and cognitive performance, whether this is a result of mental fatigue or a state of
under-arousal remains unclear. The current research aimed to explore the
effectiveness of the methods being used to induce mental fatigue. Twelve
participants attended six sessions in which two cognitive tests, the AX-continuous
performance test (AX-CPT) and the TloadDback test, were compared for their
effectiveness in inducing mental fatigue. Both tests were set at a standard
processing speed (1.2 ms) for two conditions, and a further condition involved the
individualisation of the TloadDback test. Participants presented significantly
higher physiological and psychological arousal (p < 0.05) in the individualised dual
task test compared to the AX-CPT. The individualised TloadDback test is a more
effective method of inducing mental fatigue compared to the AX-CPT, as it
sustains physiological arousal whilst inducing measurable reductions in mental
resources.
Keywords: mental fatigue, arousal, galvanic skin conductance, heart rate variability,
cognitive loading
Practitioner Summary: Mental fatigue negatively impacts physical and cognitive
performance. It is unclear whether the current methods being used to induce mental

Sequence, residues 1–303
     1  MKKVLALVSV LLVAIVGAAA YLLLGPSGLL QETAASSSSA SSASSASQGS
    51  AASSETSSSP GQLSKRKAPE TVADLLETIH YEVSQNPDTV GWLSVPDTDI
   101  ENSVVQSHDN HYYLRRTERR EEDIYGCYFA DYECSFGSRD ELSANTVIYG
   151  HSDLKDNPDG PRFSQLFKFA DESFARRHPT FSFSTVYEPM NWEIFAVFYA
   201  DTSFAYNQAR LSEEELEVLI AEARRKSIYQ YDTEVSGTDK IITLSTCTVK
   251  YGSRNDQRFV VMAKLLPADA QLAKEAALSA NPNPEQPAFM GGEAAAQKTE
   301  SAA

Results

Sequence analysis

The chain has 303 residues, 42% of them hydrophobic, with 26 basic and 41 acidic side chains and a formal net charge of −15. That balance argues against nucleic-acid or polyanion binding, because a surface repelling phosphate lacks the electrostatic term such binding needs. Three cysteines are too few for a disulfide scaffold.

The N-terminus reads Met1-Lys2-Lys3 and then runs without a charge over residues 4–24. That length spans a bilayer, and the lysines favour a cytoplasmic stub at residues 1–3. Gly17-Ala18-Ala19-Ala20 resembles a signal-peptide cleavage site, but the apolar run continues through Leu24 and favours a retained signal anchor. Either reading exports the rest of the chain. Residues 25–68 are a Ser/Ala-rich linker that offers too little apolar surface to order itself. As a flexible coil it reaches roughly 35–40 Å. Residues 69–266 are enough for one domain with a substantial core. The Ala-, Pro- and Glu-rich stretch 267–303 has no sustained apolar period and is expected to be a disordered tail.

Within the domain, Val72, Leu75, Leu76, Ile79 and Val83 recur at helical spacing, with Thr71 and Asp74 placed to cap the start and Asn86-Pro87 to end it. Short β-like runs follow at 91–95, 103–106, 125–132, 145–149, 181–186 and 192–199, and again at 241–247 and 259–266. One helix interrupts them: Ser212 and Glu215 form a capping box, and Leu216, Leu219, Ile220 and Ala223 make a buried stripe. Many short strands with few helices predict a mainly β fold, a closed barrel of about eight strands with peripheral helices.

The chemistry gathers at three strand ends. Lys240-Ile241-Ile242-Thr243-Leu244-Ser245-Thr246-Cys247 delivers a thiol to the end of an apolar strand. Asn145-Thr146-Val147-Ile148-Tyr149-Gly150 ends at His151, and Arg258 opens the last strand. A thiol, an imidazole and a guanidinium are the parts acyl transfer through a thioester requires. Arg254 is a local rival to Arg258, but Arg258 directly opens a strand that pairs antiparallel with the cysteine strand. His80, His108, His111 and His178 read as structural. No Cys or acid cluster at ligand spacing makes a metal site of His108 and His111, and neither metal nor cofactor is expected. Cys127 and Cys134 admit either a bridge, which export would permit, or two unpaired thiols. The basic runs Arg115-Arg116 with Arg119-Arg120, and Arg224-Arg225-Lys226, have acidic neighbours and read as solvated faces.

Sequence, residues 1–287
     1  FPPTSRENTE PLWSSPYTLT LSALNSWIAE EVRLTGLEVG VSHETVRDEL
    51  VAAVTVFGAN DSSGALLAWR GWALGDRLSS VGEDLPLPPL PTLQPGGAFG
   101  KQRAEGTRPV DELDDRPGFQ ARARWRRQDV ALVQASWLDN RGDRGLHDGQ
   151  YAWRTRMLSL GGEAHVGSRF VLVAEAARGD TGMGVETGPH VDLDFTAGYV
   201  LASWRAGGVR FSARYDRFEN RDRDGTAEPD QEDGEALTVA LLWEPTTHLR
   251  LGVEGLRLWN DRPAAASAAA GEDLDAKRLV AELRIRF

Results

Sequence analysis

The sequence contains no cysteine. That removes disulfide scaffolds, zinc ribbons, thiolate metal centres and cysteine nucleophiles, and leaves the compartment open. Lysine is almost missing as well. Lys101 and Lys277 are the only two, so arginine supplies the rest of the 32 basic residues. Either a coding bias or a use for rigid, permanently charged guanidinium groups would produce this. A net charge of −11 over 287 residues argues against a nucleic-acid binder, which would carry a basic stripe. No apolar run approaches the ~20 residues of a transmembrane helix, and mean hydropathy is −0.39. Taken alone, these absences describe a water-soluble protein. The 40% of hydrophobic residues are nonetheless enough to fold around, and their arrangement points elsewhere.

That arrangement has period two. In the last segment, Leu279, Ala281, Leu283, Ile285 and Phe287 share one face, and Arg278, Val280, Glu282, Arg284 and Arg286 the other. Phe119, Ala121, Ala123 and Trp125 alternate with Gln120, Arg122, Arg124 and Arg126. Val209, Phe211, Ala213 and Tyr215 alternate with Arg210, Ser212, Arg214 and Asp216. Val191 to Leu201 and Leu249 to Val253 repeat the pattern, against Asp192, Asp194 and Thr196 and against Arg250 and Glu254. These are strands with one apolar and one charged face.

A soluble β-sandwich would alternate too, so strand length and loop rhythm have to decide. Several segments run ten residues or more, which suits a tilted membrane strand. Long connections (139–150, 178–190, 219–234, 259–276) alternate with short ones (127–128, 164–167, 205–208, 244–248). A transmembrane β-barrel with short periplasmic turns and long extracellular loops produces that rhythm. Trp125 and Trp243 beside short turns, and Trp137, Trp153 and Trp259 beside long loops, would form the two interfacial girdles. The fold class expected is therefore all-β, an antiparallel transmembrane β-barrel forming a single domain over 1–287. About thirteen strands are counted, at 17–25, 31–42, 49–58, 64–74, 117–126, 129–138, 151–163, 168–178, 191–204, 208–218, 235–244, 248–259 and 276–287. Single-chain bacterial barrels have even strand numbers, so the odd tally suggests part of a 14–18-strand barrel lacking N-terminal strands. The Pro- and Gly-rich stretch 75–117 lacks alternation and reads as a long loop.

fatigue are effective. This study compared different methods and confirmed that short,
individualised and dual task tests are most effective for inducing mental fatigue whilst
maintaining arousal.
Word count: 5638

1. Introduction
Mental fatigue impacts performance in many professions (Boksem & Tops 2008;
Gergelyfi et al. 2015) and is one of the most common causes of accidents and errors in
the modern world (Lew and Qu 2014; Tanaka 2015) Research conducted on the
characteristics of mental fatigue define it as a psychobiological state (Marcora et al. 2009)
that is characterized subjectively by a lack of energy and lethargy, and/or objectively as
a reduction in the ability to complete cognitive tasks (Boksem & Tops 2008; Qian et al.
2015). Mental fatigue manifests as a result of utilising and overusing the brains resources.
This leads to a reduced competence of the brain to undertake cognitive workloads
efficiently (Tanaka 2015). Due to the accumulative decrease in productivity and increase
in errors, both physical (Marcora et al. 2009; Smith et al. 2016) and cognitive
performance can be reduced as a result of mental fatigue (Holtzer et al. 2011; Tanaka et